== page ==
JG:       Thank you Jeannette. On behalf of the Library and Yale we are so grateful for all the wonderful contributions you have made, and for your 50 years of dedicated service! 

On-site NCBI Bioinformatics Workshop at Yale School of Medicine

24 February 2016 - 2:00pm by Rolando Garcia-Milian

On April 5 and 6, Dr. Peter Cooper*** will provide training in the form of four workshops (see below) on the some of the most valuable National Center for Biotechnology Information bioinformatics resources and tools at Yale School of Medicine. This training is hosted by the Yale Cushing/Whitney Medical Library. Although free and open to any Yale affiliate, it is recommended to register since seating is limited.  

Please contact Rolando Milian for questions on these sessions: 203-785-6194

 

A Practical Guide to NCBI BLAST

Register here

This workshop highlights important features and demonstrates the practical aspects of using the NCBI BLAST service, the most popular sequence similarity service in the world. You will learn about useful but under-used features of the service. These include access from the Entrez sequence databases; the new genome BLAST service quick finder; the integration and expansion of Align-2-Sequences; organism limits and other filters; re-organized databases; formatting options and downloading options; and TreeView displays. You will also learn how to use other important sequence analysis services associated with BLAST including Primer BLAST, an oligonucleotide primer designer and specificity checker; the multiple protein sequence alignment tool, COBALT; IgBLAST, a tool for analysis of antibody and T-cell receptor sequences; and MOLE-BLAST, a new tool for clustering and providing taxonomic context for targeted loci sequences (16S, ITS, 28S). These aspects of BLAST provide easier access and results that are more comprehensive and easier to interpret.

Date:                     Tuesday, April 5, 2016

Time:                     9:00am - 12:00pm

Location:              C-103 - SHM 333 Cedar St, New Haven CT 0652

 

Accessing Genomes, Assemblies and Annotation Products

Register here

You will learn how NCBI processes genome-level data and produces annotation through the prokaryotic and eukaryotic genome annotation pipelines. You will find, browse, and download genome-level data for your organism of interest and for environmental and organismal metagenomes using the Genome, BioProject and Assembly resources. In addition to assembled and annotated data, you will retrieve and download draft whole genome shotgun and read-level next-gen sequencing data from the Nucleotide and Sequence Read Archive (SRA) databases. You will access results of precomputed analyses of genomes, as well as perform your own analyses of assembled and unassembled genomic data using NCBI's genome BLAST and SRA-BLAST services.

Date:                     Tuesday, April 5, 2016

Time:                     1:30pm - 4:00pm

Location:              C-103 - SHM 333 Cedar St, New Haven CT 06520

 

Accessing NCBI Human Variation and Medical Genetics Resources

Register here

You will learn to use and access resources associated with human sequence variations and phenotypes associated with specific human genes and phenotypes. The workshop will emphasize the Gene, MedGen and ClinVar resources to search by gene, phenotype and and variant respectively. You will learn how to map variation from dbSNP and dbVAR onto genes, transcripts, proteins, and genomic regions and how to find genetic tests in GTR. You will also gain experience using additional tools and viewers including PheGenI, a browser for genotype associations and the new Variation Viewer the 1000 Genomes Browser, which provide a useful ways to search for, map and browse variants as well as upload and download data in genomic context.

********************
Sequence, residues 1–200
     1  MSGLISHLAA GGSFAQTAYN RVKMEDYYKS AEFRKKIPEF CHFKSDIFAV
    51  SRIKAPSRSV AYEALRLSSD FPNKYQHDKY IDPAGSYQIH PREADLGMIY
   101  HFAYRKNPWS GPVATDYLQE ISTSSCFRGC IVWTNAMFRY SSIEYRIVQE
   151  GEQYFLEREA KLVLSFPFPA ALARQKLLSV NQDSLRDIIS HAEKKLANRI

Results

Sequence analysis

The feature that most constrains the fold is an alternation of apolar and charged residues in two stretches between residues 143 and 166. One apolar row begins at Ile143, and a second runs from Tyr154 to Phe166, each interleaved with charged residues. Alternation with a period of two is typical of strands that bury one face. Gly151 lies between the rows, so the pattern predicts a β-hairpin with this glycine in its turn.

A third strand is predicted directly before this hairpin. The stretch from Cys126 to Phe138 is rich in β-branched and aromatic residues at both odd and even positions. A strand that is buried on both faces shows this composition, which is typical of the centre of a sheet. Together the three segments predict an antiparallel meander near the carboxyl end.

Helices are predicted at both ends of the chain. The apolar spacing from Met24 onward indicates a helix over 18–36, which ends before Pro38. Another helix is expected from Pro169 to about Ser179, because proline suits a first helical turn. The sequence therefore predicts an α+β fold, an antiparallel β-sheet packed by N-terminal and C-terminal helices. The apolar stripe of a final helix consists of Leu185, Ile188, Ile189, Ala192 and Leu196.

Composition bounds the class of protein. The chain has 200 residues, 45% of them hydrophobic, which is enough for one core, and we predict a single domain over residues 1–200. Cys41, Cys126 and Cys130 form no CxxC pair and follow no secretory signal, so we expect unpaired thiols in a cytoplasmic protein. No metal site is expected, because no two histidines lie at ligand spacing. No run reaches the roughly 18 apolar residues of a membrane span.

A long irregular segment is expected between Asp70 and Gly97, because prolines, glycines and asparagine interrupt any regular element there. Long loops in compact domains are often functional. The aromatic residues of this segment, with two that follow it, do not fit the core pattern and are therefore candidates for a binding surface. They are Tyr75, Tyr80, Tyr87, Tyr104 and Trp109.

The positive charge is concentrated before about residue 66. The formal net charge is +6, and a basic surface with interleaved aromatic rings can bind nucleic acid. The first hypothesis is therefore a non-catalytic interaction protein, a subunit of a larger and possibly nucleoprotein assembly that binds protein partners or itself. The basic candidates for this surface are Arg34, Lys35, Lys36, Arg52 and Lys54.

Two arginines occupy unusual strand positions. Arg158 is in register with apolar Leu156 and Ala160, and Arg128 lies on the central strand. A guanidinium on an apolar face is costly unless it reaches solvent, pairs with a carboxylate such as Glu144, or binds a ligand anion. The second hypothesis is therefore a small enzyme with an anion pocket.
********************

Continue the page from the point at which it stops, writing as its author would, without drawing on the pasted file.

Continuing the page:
Date:                     Wednesday, April 6, 2016

Time:                     9:00am - 12:00pm

Location:              C-103 - SHM 333 Cedar St, New Haven CT 06520

 

Exploring Gene Expression Information at the NCBI

Register here

You will find, display and analyze microarray and sequence-based expression data that are stored in the Gene Expression Omnibus (GEO), Sequence Read Archive (SRA), UniGene, and Epigenomics databases to investigate the potential for expression of transcript splice variants and examine the levels of expression under varied experimental conditions as well as in different tissues and disease states. You will analyze Microarray data the on-demand GEO2R tool and will explore the precomputed transcript analyses that are displayed on the UniGene and GEO Profiles pages. You will explore genome-aligned RNA-Seq data through the Gene database's sequence viewer displays and analyze raw RNA-Seq reads in the SRA database using NCBI's SRA-BLAST service.

Date:                     Wednesday, April 6, 2016

Time:                     1:30pm - 4:00pm

Location:              C-103 - SHM 333 Cedar St, New Haven CT 06520

***Dr. Peter Cooper, Staff Scientist, National Center for Biotechnology Information (NCBI) directs the scientific outreach and training program for the National Center for Biotechnology Information at the National Library of Medicine. Peter has conducted and developed training courses for biologists in the use of NBCI molecular databases and has provided scientific user support for the NCBI since 1998. Prior to joining the NCBI Peter pursued diverse biological research interests including peptide neurochemistry, marine environmental toxicology, and taught biology and chemistry. Peter earned a BS from Virginia Tech, a MA in chemistry from the Johns Hopkins University and a Ph.D. in Marine Science from the College of William and Mary, School of Marine Science in 1996